Utah was first in percentage gain in population among all states from 2010 to 2020 so its inclusion here is surprising to me. States 1-5 are all high tax jurisdictions. When they can, people vote with their feet. In a federal republic states are allowed to have different tax regimes. I have lived in two of these ten states and would NEVER live in either one again.








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Tuesday Territory

Many thanks to David Banner (not his real name) for his medical consult yesterday. He and I have known each other since freshman year of high school, which is, scarily, not too far from being 50 years in the past.


As an addition to yesterday’s post about Israel removing its mask mandates because of its very successful vaccination efforts, friend and former neighbor MB sent me an email with reasons to appreciate Israel. I don’t know the source and I cannot vouch for the accuracy of these statements, but even if not all of them are true, this is an impressive list of achievements by a country whose population would not rank among the top ten in the US if it were a state.



*Israel’s Technological Contributions to our Health*

Israelis do not make islands in the shape of palm trees, nor towering
skyscrapers, nor expensive hotels, nor do their leaders use cars with solid
silver bodies (a clear allusion to Dubai and the United Arab Emirates).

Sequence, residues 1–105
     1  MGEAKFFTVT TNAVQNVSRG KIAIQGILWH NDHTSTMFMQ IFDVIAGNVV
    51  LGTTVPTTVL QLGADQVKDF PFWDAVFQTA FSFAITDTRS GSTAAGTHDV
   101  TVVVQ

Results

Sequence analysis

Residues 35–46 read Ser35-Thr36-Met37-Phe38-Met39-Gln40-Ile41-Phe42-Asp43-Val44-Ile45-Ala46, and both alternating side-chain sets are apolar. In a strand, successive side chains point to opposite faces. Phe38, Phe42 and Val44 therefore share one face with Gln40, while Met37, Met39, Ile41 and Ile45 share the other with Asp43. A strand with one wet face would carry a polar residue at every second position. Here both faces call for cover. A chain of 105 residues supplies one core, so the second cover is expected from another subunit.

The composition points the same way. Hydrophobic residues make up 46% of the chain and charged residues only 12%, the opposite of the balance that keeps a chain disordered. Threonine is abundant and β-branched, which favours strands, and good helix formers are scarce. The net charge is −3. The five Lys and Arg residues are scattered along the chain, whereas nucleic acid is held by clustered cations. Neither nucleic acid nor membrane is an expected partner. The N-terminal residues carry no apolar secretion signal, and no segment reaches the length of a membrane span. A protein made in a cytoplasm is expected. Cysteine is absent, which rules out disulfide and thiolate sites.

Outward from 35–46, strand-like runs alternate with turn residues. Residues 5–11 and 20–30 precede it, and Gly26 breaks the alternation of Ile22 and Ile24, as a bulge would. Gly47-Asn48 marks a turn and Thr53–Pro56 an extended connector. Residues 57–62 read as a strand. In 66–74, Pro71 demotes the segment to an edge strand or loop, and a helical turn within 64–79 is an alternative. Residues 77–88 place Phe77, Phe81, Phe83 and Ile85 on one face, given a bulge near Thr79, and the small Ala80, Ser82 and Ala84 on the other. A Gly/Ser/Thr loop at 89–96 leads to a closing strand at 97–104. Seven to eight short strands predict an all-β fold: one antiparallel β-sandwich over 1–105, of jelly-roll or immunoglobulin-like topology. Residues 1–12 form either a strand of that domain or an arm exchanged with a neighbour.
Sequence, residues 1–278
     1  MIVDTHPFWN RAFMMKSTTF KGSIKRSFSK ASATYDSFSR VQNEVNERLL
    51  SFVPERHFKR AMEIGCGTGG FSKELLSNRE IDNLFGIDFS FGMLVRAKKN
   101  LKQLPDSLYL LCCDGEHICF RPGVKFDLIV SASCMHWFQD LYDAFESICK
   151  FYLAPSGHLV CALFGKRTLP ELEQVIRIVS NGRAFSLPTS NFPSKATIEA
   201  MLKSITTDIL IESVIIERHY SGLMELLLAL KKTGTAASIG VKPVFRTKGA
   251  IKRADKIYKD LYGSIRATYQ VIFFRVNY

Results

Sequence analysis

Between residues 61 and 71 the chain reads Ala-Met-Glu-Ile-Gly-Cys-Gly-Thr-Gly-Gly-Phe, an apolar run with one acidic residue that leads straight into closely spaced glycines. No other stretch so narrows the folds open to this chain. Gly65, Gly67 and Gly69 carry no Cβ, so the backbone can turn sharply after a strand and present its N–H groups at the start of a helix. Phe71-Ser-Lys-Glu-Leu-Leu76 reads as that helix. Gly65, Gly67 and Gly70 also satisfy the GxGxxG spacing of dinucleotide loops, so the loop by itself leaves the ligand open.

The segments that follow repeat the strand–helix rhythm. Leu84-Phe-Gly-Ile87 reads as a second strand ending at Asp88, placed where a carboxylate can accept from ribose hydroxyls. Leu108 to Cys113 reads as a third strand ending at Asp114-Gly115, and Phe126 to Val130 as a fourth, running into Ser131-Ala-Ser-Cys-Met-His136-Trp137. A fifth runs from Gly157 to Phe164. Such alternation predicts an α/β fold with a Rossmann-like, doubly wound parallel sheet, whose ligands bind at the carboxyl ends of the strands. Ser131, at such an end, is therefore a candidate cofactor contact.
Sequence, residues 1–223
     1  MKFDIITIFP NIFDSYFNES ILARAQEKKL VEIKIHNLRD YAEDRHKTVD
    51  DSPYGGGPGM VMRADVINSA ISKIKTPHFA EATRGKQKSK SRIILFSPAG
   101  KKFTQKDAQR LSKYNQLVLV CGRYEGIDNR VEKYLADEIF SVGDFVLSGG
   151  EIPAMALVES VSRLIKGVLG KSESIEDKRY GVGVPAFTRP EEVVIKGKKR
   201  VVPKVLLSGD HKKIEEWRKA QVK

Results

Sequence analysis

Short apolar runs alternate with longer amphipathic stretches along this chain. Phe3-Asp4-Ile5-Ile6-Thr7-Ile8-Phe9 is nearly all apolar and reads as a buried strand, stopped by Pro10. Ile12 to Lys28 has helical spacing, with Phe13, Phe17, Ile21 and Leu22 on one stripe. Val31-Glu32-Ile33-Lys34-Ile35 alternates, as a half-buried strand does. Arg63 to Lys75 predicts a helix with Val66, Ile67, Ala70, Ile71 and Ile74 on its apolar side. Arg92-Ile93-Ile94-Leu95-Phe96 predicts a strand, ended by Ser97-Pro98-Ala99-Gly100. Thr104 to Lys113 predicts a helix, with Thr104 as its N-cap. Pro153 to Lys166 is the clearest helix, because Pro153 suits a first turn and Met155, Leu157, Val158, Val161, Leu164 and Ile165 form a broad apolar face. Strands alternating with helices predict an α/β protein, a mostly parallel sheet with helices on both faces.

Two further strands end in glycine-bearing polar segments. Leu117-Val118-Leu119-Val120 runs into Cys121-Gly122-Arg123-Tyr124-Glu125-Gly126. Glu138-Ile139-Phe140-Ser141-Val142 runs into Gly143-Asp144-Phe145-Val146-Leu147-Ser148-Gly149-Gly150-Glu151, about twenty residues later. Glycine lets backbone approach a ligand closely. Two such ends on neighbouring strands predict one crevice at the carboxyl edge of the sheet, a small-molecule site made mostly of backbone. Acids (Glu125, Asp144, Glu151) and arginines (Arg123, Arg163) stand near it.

The pride of the State of Israel is that its technologies will soon be able
to be used by all humanity:

The University of Tel Aviv is developing a nasal vaccine that will
protect people from Alzheimer’s and stroke.

Technion, Institute of Technology (Haifa), developed a simple blood test
capable of detecting different types of cancer.

The Ichlov Center (Tel Aviv) has isolated a protein that makes
colonoscopy unnecessary to detect colon cancer with a simple blood test.
Colon cancer kills about 500,000 people annually.

The Given Imaging Laboratory has developed a tiny camera in the form of
pills that are swallowed and that transmit thousands of photos of the
digestive tract.  These high quality photos (2 per second for 8 hours) can
detect polyps, cancers and sources of bleeding.  The photos are sent to a
chip that stores them and sends them to a computer.  At the end of the
process, the camera is eliminated by the rectum.

The Hebrew University (Jerusalem) has developed an electrical
neurostimulator (batteries) that is implanted in the chest of patients with
Parkinson’s, similar to a pacemaker.  Emissions from this device block
nervous signals that produce tremors.

The simple odor of a patient’s breath can detect whether a patient has
lung cancer.  The Russel Berrie Institute for Nanotechnology has created
sensors capable of perceiving and registering 42 biological markers that
indicate the presence of lung cancer without the need for biopsy.